KRYV 291836Z AUTO 17010G17KT 10SM SCT050 30/21 A3001 RMK AO2
If I hadn't lost my E6B Flight Computer
, I'd be able to tell you that 30C is pretty damn warm. Okay, that's 86F, but in the plane it was 105F, for the time being at least. Scattered towering cumulus clouds about 4000' AGL meant the air was unstable and that there could be some turbulence.
Today the active was Runway 23, and the takeoff roll was a wee bit longer because of the density altitude of 2400'. Density altitude is the pressure altitude (the reading on your altimeter if set to the standard value of 29.92" Hg) adjusted for temperature to arrive at a theoretical value of what altitude the plane "thinks" it's at. The basic skinny here is that the higher the density altitude, the more runway the plane will need to take off.
We take off, and turn to the north toward Juneau. We level off at 4000' where, thankfully, it's a bit more comfortable. Then Adam does something a little uncharacteristic. He directs steep turns. Thing is, we hadn't done clearing turns yet. If you recall, clearing turns are advised before practicing maneuvers to ensure the area is clear of other aircraft. So I gently assert that we need to do our clearing turns first, and he concurs. A test, perhaps? As to the steep turns, they're getting better all the time. I lost no more than 50' at any time and I went straight from the left turn directly into the right turn. Then it was slow flight dirty, including power off stalls, then slow flight clean and stalls. The slow flight stuff still bedevils me, it's so tough to get the plane into the narrow performance range and hold it there. Even a small puff of wind pushes me off the "needle". To think the C172 is easy to fly, I can't begin to imagine how other planes react to slow flight parameters.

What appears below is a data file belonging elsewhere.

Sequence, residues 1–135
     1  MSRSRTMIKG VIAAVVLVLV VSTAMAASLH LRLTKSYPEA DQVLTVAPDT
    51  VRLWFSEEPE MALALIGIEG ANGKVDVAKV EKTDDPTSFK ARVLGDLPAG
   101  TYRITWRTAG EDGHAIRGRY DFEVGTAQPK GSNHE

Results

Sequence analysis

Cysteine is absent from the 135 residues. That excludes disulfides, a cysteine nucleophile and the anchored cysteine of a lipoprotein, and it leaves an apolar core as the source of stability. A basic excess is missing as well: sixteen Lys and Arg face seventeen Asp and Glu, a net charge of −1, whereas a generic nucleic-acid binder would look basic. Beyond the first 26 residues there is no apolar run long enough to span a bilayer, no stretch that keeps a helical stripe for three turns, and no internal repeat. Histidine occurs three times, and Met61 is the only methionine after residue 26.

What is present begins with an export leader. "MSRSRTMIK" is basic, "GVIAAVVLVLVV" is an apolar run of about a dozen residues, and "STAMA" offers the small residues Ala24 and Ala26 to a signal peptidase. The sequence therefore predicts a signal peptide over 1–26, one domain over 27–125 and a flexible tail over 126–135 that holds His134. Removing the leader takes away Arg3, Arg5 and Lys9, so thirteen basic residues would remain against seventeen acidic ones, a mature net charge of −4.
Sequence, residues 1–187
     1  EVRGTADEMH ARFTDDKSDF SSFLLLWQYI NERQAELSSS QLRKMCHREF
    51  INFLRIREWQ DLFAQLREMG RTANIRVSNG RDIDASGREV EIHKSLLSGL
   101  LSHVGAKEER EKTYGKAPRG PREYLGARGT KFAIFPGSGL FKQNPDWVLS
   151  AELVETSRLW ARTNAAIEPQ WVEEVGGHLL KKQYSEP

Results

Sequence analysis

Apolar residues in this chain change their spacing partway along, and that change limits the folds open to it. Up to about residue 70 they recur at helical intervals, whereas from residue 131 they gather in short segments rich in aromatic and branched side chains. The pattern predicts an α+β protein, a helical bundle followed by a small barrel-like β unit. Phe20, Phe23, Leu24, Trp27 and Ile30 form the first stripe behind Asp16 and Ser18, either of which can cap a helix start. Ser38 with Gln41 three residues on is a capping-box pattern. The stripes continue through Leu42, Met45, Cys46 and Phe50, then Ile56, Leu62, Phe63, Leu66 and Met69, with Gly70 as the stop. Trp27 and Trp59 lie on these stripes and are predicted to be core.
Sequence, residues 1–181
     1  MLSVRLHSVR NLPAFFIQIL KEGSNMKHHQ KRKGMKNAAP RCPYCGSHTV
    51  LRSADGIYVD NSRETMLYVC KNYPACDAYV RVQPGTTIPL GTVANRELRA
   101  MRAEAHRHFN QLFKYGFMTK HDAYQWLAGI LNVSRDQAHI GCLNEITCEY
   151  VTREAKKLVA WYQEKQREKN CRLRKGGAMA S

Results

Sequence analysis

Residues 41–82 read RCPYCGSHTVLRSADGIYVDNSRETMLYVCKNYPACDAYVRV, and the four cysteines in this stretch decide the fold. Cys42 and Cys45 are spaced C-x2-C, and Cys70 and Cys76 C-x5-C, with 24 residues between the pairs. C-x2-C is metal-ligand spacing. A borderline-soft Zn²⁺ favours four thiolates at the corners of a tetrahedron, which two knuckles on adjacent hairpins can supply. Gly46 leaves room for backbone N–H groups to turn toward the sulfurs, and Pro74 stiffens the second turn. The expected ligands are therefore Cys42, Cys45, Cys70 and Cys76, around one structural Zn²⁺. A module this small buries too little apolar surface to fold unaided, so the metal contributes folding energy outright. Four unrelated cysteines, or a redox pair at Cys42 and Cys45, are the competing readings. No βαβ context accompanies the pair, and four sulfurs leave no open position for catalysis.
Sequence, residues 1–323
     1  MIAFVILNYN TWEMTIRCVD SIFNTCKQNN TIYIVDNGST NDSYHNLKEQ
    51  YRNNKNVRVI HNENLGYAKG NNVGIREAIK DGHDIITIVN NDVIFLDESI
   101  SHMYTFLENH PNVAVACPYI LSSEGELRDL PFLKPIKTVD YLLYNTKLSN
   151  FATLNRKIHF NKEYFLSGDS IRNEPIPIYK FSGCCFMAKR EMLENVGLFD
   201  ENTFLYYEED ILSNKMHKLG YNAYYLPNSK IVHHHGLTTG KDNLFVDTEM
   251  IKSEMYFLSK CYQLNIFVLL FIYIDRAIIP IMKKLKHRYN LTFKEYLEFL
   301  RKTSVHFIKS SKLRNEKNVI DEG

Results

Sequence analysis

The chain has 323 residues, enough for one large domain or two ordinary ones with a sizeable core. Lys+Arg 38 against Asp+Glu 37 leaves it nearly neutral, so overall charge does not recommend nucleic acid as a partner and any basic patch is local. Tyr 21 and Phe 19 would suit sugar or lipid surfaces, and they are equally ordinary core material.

We're already near Dodge County Airport (KUNU), so we take advantage of minimal crosswinds to do some touch and goes on Runway 20. The first one was almost passable, which for me was a small victory since rarely has a first landing gone well at all. Three more landings of various quality, but I "greased" the third, earning a "good landing" compliment from Adam. Out of 71 recorded landings (I think there's been more) I can say with confidence that I've greased only about three of them.
Along the way back to Watertown, we finally got into some ground reference maneuvers, namely the turn around a point, and the s-turn. Far as I can tell, these maneuvers have no practical purpose in general flying, but they do serve as an exercise in workload management. The pilot is forced to divide his attention between monitoring gauges, flying the plane, and adjusting for varying wind conditions. There was more confusion in the cockpit as Adam was pointing out road intersections to turn around and I just couldn't see them. Once we got it all sorted out, the first attempt was clumsy as you can imagine. I had little idea of just what I would need to do with the plane to do the turn. After a couple of repetitions, I think I started getting the hang of it. The first try at s-turns went okay as well. S-turns are similar to turns around a point except that doing s-turns forces you to make at least one right turn.
And so we returned to Watertown. Landed Runway 23 and taxied in. More and more as I go along, it feels like driving a car. Things getting more instinctive. Not much talk in the cockpit during landings. A quick critique after each landing, then it's on to the next. So I take a couple of days off of work and wouldn't you know, the plane is going in for its annual. So no more flying until Saturday, save for a ground review lesson on Wednesday. More next time at Rich's Quest For Flight.
UPDATE: Jeez, I almost forgot to mention that I have filled in one full page of my logbook. Thirteen entries can fit on one page, so I've been up thirteen times. Isn't that supposed to be an unlucky number? Anyway, here are some totals so far: 17.6 total hours (all dual received) with 71 takeoffs and landings. Another check for $2000 to keep my account current as well. I believe that brings that total to $4500.